We previously demonstrated that the most bioactive vitamin A metabolite, all-trans retinoic acid (ATRA), increased T helper 2-associated responses induced in pigs by infection with the parasitic nematode Ascaris suum We also showed that ATRA potentiated the mRNA expression of several IL-4 induced chemokines (chemokine (CC motif) ligand 11 [(CCL11), CCL17, CCL22 and CCL26] associated with alternative activation (M2a) in porcine macrophages in vitro. Herein, several mechanisms whereby ATRA affects IL-4 signaling are profiled using large-scale real time PCR and RNA-Seq analysis. Twenty-three genes associated with M2a markers in other species were independently upregulated by both IL-4 and ATRA, including the adenosine receptor A2B (ADORA2B), cysteinyl leukotriene receptor 2 (CYSLTR2) and the vitamin D receptor (VDR). ATRA synergistically enhanced IL-4 up-regulation of Hepatitis A virus cellular receptor 2 (HAVCR2) and transglutaminase 2 (TGM2) and further repressed IL-4 down-regulated CD163 and Cytochrome b-245, beta polypeptide (CYBB) mRNA. Macrophages treated with ATRA exhibited a dose-dependent reduction in phagocytosis of opsonized Staphylococcus aureus. In addition, the combination of IL-4 and ATRA up-regulated the anti-inflammatory protein, IL-1R antagonist (IL1RN) and TGM2. These data indicate that ATRA induces a state of partial alternative activation in porcine macrophages, and amplifies certain aspects of M2a activation induced by IL-4. Given the prevalence of allergic and parasitic diseases worldwide and the close similarities in the porcine and human immune responses, these findings have important implications for the nutritional regulation of allergic inflammation at mucosal surfaces.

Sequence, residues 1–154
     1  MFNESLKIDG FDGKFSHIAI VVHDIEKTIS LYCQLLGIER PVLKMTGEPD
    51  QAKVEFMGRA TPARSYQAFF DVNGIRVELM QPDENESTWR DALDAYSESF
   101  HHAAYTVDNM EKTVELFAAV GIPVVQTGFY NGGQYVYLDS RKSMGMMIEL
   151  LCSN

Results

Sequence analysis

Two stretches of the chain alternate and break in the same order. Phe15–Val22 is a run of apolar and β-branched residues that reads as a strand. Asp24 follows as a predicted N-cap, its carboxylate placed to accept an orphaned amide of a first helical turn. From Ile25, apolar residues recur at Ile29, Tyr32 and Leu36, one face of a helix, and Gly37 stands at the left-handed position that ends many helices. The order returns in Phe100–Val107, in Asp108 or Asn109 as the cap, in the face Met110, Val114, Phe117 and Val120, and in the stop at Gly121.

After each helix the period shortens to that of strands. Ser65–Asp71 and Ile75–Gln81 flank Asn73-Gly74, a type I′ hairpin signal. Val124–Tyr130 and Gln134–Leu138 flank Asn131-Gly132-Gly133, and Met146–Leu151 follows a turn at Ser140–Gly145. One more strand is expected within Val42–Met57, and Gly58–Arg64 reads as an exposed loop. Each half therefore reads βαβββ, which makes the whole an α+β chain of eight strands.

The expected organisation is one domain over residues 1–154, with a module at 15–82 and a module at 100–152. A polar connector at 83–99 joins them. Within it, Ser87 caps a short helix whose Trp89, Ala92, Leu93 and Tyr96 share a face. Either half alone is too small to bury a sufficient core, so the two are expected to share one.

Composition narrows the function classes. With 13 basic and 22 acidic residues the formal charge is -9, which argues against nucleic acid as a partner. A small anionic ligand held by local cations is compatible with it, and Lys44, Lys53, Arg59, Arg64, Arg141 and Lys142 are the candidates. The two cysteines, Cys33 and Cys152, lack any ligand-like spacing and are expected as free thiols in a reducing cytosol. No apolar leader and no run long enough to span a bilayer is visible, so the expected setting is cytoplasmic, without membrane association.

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http://dx.doi.org/10.1016/j.dci.2019.03.020DOI Listing